Title

The mental health clinical nurse specialist and the "difficult" patient: Evolving meaning

Department

Nursing

Document Type

Article

Publication Source

Issues in Mental Health Nursing

Publication Date

2001-01-01

Volume

22

Issue

1

First Page

5

Last Page

22

Abstract

Twelve mental health clinical nurse specialists (CNSs) working in outpatient mental health settings were interviewed and asked to describe situations where they had experienced difficult client behavior. Study data, analyzed via the grounded theory method, revealed the basic social process of Evolving Meaning. Evolving Meaning signifies change over time, based on both Enhancing Experience and Expanding Understanding. The phases of Personal Meaning, Negotiating Meaning, and Illuminating Meaning were recognized as central to the basic social process of Evolving Meaning. The study findings emphasized the importance of the nurse-client relationship process. Although the CNS participants did describe client behavior that created difficulty for them, the CNS-client relationship was viewed as being interactive and subsequently, difficult behavior was viewed within the context of that relationship. Clinical supervision was recognized as an essential component of outpatient mental health CNS practice, even by the more experienced study participants. In this study, positive components of clinical supervision included validation, insight, and system support. A surprising finding of the study was the intrusive behavior of clients, including stalking of some CNSs, their family members, or both.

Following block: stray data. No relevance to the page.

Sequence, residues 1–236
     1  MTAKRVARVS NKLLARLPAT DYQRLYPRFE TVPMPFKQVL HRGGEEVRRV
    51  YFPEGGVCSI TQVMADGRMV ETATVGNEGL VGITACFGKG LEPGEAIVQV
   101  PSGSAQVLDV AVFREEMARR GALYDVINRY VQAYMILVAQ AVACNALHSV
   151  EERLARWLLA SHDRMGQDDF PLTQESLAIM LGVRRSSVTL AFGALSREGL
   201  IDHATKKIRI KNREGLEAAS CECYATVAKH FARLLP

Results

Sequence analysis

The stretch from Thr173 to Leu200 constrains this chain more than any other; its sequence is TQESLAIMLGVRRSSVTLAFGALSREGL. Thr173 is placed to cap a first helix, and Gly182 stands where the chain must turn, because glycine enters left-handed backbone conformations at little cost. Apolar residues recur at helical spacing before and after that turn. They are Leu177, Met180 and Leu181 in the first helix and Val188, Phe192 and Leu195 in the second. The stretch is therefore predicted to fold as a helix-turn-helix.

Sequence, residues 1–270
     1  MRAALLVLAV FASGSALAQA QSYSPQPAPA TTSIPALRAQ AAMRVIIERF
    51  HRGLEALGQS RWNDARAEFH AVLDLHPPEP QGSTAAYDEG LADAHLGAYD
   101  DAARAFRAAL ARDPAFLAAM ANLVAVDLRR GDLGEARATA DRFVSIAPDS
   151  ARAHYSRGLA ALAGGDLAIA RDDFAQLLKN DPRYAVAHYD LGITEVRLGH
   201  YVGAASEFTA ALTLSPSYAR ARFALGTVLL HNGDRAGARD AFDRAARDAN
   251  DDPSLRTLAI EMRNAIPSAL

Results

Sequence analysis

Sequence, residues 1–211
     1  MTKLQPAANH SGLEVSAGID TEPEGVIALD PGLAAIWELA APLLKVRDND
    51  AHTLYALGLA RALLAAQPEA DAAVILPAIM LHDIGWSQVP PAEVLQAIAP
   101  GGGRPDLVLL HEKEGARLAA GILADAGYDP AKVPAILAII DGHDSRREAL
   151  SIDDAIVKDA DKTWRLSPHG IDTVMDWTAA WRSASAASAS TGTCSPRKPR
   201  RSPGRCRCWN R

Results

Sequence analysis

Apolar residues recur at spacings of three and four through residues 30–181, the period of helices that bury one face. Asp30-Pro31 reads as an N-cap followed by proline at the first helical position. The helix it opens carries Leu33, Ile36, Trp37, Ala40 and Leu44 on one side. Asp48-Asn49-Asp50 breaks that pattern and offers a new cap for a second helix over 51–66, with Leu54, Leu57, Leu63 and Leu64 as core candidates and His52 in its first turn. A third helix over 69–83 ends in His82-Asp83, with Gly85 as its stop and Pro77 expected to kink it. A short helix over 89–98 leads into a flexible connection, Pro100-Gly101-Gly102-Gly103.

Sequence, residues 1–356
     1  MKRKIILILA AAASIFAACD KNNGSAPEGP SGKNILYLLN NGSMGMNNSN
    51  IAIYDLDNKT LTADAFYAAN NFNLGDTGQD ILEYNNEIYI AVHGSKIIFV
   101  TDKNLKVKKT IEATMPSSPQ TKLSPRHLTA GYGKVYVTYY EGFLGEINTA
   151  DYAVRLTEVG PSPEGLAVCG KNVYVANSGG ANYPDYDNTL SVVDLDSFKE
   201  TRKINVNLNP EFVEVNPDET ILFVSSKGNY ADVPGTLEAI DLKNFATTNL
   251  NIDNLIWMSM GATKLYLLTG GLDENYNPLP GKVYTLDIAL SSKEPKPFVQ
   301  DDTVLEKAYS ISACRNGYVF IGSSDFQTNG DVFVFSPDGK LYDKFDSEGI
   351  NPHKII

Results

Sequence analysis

DOI

10.1080/016128401750158704

https://doi.org/10.1080/016128401750158704

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